Thanks to the folks at Navigauge who sent me their excellent new report analyzing real behaviors associated with spot break volume.
First, you must understand how a study is done in order to appreciate the results. This one covered 500 people (electronically) in their cars in Atlanta. Sounds broad enough for me.
The conclusion that, essentially, more listeners are lost after longer breaks than after shorter ones is somewhat intuitively obvious. This study would have been better if it had discussed its limitations. Still, here are the summary findings:
Roughly 88% of qualified pre-commercial break listeners make it through a single commercial, or “Island” spot and back to the programming. And, as the number of commercial elements a break increases, the number of qualified listeners retained decreases Whether through listening or learning, the longer the break, the more likely audiences are to tune out before the completion of the first spot In shorter element commercial breaks (4 or fewer), roughly 80% of the qualified audience is still tuned following the second commercial; approximately 70% following the third commercial spot While the rate of lost audience slows, additional commercials within a break erode the initial qualified listening audience Regardless of the number of elements in the commercial break, first position 30-second spots retain more audience than first position 60-second commercials
I’ve looked at this issue before – but never with behavioral data. And that difference makes this research better than anything on the topic I – or anyone else – has ever done.
But…there’s more to this study than meets the eye. If you conclude from this that longer breaks are bad and shorter ones good, you’re not seeing the whole picture.
– This report studies volume, but not frequency. We do not know, for example, anything about the loss of audience after being pummeled with more breaks vs. fewer. Do shorter, but more frequent, breaks mean we lose ON NET more listeners than longer, less frequent ones? That answer isn’t in this study.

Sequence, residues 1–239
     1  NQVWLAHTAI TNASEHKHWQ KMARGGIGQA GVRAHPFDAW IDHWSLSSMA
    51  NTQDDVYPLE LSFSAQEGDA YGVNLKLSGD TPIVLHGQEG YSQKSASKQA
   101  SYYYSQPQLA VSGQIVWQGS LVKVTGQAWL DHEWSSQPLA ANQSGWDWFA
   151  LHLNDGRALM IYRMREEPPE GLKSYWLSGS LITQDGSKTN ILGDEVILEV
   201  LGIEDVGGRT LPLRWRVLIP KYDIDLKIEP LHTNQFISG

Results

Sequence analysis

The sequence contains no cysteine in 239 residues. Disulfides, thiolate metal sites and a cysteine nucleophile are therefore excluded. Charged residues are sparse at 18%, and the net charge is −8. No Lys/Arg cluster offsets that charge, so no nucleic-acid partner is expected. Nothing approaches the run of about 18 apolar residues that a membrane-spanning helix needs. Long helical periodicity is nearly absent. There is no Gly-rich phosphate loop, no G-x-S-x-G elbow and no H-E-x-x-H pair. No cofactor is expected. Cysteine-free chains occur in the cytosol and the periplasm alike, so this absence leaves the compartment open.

– Leaving the station as a result of a long break (or short one) doesn’t say anything about a listener’s RETURN behavior. That is, are they more or less likely to come BACK to the station if the breaks are longer or shorter. In other words, do they give the station MORE listening or LESS with shorter vs. longer breaks? That question isn’t answered.
– What does the magnet power of the programming have to do with this behavior? For example, if you can ONLY hear Howard Stern on the station with LONG breaks, are you REALLY not going to return for that programming? How does the CONTEXT of this advertising affect the listening behavior?
The more commercials you have the more listeners you lose. No surprise there. But are “shorter breaks” better than “longer breaks” when it comes to the radio station’s ratings? Don’t look to this study for the answers, folks.
One sidebar: These data are gathered from folks IN THEIR CARS. You can BET that the loss of audience in the CAR is easily greater than that in the OFFICE where it’s not so easy to change the station. That means these numbers are about as BAD as it gets. In my mind, that’s a tremendously positive message for our advertisers! Even when the button is arm’s-length away, a HUGE proportion of our audience listens to and through our spots!